Stocks performed ho-hum after the earnings report, and that’s not great news for a market that was tuned for easy rhythms.
Investors really weren’t expecting big earnings news. Expectations had already fallen by the start of the reporting season, with fourth-quarter earnings per share estimates for the index falling about 7% from September to the end of the year, according to Credit Suisse. The main driver has been economic demand softening as the Federal Reserve raises interest rates, a move designed to lower the rate of inflation. That inflation, however, continues to squeeze profit margins as companies lose the power to raise prices even as wages rise.
Overall, “fear mongering reduced [earnings] at least,” wrote Chris Harvey, chief U.S. equity strategist at Wells Fargo.
companies that reported total earnings per share for them were 1.7% higher than analysts’ expectations, according to Refinitv, and 67% of companies beat estimates. Those stats aren’t great.
Companies have, on average, reported earnings 4.1% above expectations since 1994, with 66% beating forecasts.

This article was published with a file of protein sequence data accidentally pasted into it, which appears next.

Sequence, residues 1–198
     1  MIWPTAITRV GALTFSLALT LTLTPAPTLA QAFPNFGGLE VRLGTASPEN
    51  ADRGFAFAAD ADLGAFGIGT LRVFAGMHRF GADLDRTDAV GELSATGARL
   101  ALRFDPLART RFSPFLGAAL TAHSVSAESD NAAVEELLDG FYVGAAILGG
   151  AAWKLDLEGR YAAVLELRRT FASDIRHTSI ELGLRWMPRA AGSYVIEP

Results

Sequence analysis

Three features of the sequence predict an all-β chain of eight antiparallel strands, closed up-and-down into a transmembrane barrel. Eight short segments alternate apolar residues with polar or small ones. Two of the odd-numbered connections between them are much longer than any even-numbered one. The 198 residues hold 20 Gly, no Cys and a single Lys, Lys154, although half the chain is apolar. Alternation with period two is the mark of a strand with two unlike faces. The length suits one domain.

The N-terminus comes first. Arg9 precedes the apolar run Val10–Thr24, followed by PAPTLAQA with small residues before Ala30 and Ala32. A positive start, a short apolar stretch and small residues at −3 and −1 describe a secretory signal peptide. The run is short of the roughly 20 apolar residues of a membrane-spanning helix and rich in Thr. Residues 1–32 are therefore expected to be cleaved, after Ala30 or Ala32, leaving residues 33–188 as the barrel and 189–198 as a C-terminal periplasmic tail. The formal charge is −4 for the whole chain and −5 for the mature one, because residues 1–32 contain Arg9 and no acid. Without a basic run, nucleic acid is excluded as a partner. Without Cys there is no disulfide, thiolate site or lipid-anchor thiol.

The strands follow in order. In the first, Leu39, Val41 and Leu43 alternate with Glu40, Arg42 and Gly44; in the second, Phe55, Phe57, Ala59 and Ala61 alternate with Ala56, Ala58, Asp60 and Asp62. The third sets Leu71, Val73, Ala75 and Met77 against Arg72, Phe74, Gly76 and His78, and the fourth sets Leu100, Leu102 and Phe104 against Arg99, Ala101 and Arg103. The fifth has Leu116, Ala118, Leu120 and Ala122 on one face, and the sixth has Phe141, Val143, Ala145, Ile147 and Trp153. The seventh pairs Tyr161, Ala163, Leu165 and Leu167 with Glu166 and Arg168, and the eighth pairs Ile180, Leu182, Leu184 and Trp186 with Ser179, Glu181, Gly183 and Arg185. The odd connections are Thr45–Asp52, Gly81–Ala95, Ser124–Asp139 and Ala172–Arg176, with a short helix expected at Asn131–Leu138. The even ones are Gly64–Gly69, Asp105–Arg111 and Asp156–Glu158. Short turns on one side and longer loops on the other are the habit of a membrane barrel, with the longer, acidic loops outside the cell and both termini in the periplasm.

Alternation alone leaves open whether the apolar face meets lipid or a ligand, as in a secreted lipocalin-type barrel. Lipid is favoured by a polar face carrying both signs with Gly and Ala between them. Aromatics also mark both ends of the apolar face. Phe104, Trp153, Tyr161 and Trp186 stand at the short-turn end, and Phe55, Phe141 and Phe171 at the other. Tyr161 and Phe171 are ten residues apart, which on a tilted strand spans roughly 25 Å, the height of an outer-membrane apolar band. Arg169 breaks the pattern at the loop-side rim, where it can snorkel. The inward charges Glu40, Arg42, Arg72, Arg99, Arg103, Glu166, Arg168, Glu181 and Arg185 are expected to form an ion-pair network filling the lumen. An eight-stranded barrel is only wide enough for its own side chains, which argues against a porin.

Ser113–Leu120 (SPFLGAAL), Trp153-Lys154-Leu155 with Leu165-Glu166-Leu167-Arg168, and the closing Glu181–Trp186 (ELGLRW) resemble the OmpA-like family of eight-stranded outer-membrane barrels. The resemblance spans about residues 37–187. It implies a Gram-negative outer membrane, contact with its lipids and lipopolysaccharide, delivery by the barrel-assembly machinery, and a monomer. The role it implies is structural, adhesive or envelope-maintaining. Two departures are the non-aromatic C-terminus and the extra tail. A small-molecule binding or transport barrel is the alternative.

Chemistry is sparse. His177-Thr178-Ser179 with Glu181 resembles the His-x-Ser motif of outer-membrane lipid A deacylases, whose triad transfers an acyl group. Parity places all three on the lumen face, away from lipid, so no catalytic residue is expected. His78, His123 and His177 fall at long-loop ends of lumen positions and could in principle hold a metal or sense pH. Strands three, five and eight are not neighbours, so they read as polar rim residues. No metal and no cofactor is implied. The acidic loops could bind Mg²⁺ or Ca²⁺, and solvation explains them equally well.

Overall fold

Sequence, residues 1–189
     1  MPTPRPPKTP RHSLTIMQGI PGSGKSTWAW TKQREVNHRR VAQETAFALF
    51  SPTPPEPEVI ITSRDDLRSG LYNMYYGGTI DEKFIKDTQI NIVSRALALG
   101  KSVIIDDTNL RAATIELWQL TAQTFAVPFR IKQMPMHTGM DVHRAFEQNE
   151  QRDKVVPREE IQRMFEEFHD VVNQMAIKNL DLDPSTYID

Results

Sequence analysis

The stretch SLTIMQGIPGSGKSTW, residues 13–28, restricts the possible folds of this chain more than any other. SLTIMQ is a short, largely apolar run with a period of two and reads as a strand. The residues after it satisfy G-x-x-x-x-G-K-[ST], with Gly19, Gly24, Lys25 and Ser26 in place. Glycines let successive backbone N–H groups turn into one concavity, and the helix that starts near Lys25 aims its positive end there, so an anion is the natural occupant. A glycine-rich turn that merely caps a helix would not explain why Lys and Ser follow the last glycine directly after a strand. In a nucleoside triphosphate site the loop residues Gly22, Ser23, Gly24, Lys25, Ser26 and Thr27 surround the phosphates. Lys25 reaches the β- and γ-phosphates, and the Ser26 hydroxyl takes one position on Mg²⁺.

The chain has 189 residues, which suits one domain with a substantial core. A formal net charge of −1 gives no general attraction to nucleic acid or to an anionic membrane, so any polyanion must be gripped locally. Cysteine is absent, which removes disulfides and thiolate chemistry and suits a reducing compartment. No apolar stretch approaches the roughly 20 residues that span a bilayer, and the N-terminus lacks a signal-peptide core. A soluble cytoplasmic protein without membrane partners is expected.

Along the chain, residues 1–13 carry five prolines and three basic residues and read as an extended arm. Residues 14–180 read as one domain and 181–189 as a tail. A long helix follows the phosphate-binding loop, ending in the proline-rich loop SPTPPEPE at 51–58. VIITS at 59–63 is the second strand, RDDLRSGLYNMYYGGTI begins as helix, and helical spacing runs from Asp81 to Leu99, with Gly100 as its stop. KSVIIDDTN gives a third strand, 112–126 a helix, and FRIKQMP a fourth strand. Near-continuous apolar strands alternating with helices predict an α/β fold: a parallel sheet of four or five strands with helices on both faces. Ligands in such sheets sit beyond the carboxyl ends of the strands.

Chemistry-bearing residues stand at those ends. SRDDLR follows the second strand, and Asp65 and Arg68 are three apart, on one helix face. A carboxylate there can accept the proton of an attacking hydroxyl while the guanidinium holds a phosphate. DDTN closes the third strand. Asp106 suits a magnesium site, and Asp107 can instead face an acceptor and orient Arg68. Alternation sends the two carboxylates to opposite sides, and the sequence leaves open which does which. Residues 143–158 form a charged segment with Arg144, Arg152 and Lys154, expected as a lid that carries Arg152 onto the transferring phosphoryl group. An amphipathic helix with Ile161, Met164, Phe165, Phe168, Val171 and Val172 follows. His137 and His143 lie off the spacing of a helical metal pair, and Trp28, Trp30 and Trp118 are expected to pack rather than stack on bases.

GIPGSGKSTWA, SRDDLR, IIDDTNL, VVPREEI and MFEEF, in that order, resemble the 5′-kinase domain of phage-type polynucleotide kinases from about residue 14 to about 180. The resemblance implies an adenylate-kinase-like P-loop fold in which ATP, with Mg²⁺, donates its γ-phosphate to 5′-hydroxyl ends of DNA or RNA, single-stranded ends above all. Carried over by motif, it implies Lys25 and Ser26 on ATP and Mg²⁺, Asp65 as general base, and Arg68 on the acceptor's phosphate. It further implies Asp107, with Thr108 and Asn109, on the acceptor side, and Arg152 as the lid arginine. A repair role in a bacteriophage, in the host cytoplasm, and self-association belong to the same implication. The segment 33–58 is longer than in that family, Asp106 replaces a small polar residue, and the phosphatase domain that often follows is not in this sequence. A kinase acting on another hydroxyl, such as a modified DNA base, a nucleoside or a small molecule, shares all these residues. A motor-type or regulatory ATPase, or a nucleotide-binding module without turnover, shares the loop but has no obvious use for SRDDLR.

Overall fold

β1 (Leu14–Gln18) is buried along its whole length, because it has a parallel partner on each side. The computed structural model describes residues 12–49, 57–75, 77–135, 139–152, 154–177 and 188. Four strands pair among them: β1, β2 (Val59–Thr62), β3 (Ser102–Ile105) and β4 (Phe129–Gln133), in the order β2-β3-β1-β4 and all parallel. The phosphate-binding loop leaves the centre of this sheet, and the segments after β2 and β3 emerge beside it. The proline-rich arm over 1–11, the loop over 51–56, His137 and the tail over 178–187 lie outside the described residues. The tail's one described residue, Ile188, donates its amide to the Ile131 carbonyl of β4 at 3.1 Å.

Still, the resulting earnings are good enough. The average stock rose 0.5% after the report, according to Evercore ISI data, while stocks of companies that beat both sales and earnings per share rose 0.8%. That’s below the five-year average of a 1% gain, but double misses haven’t been punished as much as they usually are – they’ve fallen 1.6% on average, below the 2.9% average over the past five years.
It is a reflection of the uncertainty that investors are now forced to face. The Federal Reserve remains in rate hike mode, and the market is uncertain whether the economy is headed for a recession or a soft landing. That makes the current numbers — and the companies that provide the guides — even harder to read. The New Year’s rally in the stock market also means values are higher than they were three months ago, raising the bar even as falling expectations lowered it.
According to Martin Roberg, portfolio strategist and quantitative analyst at Canaccord Genuity, that’s a setup that could lead to more downside. He notes that the market’s recent rally after the 2022 crash is reminiscent of the rally seen two decades ago, just before further declines occurred. After a terrible year in 2000, the S&P 500 rose 4% during the January 2001 earnings season, as the results convinced some investors that the worst of the tech wreck was over. Analysts, however, continued to cut their earnings forecasts, setting the market up for more declines over the rest of that year.
“The risk of moving into a more bullish mode without earnings visibility is a repeat of the January 2001 bear market trap,” explains Roberg.
Let’s hope history doesn’t repeat itself.
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